Base child support (section 3) is meant to cover the basic expenses of the children, such as their regular clothes, their notional share of the mortgage/rent and utilities.

Extra expense child support or Section 7 child support is payable over and above the monthly base child support amount. It is money that covers the extra costs of the children, those that fall under Section 7 of the Federal Child Support Guidelines. Section 7 states that certain expenses are shareable between parents in proportion to their incomes. So, if you earn 75% of the joint spousal income then you would pay 75% of the extra Section 7 expenses.

Click here to learn more about Child Support.

Calgary Divorce Dispute ResolutionCalgary Divorce Lawyers

Unfortunately, in many cases, divorces do not proceed smoothly. Disputes can develop about any or all of the issues outlined above.

When such situations arise, the experience of a professional divorce lawyer can help you reach a solution, even in the most difficult circumstances.

Divorce Mediation

A Calgary divorce lawyer can mediate between you and your ex-spouse, often providing alternative options that have not been considered with regards to the key issues:

A mediating lawyer will take a neutral stance in the strictest confidentiality, with the aim of finding a mutually compatible resolution (rather than representing the best interests of one party).

Divorce mediation is one of the most frequent methods used to reach a resolution.
If it works out, mediation avoids a potentially lengthy (and costly) trial that can be stressful for both spouses.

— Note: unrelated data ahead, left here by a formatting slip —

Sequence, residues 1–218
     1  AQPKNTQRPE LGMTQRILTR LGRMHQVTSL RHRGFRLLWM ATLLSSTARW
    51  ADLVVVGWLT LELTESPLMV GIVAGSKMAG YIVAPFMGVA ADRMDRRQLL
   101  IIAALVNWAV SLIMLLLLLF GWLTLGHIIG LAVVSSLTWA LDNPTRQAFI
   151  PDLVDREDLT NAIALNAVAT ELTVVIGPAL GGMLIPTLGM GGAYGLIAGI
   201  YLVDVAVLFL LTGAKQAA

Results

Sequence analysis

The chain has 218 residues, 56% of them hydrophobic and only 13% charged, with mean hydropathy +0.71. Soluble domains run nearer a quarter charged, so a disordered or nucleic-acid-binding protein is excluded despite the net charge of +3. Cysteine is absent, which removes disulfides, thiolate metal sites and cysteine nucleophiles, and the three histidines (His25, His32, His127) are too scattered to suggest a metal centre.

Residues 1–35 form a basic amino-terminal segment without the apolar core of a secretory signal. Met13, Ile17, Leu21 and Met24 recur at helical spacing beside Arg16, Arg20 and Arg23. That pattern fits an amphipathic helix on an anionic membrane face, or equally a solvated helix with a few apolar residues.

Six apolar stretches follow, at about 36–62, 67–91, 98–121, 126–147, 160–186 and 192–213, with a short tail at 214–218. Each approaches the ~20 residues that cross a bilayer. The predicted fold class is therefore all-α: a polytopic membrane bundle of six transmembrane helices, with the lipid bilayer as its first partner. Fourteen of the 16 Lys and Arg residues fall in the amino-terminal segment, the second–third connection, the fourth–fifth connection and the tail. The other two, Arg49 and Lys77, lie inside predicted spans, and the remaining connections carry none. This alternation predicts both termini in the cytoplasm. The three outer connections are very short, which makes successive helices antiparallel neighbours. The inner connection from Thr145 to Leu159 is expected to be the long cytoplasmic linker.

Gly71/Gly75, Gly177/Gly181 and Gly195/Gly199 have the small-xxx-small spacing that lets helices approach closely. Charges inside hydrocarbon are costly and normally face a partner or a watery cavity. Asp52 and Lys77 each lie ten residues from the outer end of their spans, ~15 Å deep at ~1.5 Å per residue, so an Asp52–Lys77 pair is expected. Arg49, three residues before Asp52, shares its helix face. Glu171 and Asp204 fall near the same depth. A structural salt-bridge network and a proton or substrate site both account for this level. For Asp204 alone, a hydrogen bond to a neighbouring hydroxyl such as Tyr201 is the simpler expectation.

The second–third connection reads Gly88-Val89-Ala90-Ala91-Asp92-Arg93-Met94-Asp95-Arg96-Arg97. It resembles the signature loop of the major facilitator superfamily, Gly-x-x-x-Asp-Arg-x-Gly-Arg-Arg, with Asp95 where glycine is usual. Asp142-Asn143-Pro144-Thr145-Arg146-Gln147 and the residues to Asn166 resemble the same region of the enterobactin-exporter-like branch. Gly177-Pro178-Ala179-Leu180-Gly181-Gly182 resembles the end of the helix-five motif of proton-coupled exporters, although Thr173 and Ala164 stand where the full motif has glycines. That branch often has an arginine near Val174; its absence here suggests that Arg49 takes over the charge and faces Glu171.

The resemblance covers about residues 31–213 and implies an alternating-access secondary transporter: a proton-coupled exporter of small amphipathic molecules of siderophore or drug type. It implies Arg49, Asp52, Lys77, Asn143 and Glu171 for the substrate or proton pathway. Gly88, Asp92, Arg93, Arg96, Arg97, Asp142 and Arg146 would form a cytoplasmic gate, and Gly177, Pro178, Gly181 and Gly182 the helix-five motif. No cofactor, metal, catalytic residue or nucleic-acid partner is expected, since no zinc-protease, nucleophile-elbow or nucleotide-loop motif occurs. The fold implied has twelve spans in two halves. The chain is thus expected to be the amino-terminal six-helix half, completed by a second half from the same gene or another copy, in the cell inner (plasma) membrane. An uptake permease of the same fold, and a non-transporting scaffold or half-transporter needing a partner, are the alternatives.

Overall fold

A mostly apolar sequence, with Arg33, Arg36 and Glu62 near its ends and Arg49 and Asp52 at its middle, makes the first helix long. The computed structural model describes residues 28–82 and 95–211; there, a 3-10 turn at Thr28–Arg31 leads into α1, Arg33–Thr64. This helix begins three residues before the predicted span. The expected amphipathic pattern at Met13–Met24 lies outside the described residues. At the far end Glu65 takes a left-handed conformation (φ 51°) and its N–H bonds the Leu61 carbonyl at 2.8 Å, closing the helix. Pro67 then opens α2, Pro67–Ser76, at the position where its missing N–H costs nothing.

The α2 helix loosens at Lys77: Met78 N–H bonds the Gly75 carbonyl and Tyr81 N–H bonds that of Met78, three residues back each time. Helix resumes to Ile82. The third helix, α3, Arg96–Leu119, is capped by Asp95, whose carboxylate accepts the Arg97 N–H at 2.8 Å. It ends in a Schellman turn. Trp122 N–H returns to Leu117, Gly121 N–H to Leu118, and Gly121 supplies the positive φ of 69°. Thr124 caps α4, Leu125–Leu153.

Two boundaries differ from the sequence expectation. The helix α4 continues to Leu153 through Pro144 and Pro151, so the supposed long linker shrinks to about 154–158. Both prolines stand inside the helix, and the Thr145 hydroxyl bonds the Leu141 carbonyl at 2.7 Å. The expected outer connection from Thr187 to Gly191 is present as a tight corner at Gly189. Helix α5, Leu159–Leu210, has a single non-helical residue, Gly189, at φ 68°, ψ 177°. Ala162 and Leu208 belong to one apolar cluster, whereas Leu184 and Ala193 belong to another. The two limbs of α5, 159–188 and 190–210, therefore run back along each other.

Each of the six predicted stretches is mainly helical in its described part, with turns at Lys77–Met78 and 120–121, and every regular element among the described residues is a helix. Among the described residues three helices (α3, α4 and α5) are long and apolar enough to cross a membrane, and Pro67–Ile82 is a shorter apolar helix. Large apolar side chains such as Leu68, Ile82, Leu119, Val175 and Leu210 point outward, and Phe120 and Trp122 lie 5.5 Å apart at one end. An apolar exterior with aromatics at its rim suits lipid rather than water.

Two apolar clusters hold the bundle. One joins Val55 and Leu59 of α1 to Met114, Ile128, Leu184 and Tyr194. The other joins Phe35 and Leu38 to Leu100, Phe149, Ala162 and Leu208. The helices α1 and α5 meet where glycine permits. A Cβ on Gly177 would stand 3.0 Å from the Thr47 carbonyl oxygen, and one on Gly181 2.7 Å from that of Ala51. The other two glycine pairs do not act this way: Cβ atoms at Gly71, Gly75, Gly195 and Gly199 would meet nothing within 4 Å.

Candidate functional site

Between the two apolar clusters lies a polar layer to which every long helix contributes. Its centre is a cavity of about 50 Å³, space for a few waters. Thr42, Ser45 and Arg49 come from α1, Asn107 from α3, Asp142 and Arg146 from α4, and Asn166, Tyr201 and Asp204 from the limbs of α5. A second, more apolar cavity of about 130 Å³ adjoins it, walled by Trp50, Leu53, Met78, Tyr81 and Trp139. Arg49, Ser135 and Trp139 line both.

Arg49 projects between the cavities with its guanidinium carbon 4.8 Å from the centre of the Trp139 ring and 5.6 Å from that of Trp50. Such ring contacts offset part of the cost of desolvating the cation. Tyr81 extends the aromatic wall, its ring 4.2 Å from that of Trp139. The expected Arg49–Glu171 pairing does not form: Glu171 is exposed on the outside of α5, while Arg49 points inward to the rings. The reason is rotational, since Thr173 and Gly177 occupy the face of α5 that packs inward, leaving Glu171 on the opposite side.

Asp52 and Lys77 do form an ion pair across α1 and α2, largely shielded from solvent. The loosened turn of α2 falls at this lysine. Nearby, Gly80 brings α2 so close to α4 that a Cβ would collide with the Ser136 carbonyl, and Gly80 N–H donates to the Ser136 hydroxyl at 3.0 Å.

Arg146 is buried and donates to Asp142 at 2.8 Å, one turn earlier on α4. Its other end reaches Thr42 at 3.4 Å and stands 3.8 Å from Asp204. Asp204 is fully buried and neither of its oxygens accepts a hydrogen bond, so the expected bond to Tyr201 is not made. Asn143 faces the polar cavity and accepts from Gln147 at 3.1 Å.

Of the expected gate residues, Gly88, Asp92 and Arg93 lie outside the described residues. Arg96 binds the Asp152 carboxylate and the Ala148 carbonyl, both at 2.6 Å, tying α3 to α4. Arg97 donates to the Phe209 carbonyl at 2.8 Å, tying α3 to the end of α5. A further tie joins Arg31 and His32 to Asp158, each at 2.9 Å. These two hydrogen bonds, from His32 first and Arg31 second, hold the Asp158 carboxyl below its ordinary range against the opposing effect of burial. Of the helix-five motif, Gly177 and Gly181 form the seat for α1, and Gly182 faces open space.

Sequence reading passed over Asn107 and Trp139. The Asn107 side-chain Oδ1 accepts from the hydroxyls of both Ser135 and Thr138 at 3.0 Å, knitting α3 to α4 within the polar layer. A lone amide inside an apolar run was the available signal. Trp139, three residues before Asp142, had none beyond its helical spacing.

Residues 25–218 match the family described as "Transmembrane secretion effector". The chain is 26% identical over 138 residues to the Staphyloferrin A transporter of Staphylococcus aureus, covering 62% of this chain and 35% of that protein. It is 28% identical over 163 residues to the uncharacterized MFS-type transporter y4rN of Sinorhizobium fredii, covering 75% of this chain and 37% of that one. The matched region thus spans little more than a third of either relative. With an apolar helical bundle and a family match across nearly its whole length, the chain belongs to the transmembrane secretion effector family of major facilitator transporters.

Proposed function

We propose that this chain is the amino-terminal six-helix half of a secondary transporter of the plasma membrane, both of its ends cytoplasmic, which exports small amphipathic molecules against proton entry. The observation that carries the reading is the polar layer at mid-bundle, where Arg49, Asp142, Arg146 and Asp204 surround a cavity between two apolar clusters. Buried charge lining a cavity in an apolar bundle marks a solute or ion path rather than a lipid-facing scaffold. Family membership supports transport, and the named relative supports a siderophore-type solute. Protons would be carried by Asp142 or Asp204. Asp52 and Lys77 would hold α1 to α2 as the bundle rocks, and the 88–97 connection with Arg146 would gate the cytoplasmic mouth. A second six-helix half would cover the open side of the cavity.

Collaborative Law

The collaborative law process involves a divorce lawyer intervening to help a couple reach an amicable divorce agreement in an open and honest atmosphere.

The two spouses sign a written agreement with their attorneys committing to best-of-faith efforts to reach an agreement out of court.

Usually, the process involves negotiation meetings between the spouses and their divorce lawyers.

If an agreement can be reached, the lawyers draw up the necessary documentation to present to the Court.

Uncontested Divorce

Divorces do not need to be disputed or challenged. Some divorces proceed smoothly and are “uncontested”.

That is, both parties reach an amicable settlement about the dissolution of their marriage and all the main factors that are at stake, most notably:

Even in uncontested divorces, it is advisable to seek the assistance of a lawyer.

Some divorces that start out as “uncontested” develop disputes and a lawyer can help prevent this.

A lawyer will also help ensure that any agreement you reach will be acceptable to the Court in Alberta.

CONTACT AN EXPERIENCED CALGARY DIVORCE LAWYER

Whether you are facing a contested or uncontested divorce, it is important to call on the services of a dedicated divorce lawyer in Calgary to look after your best interests.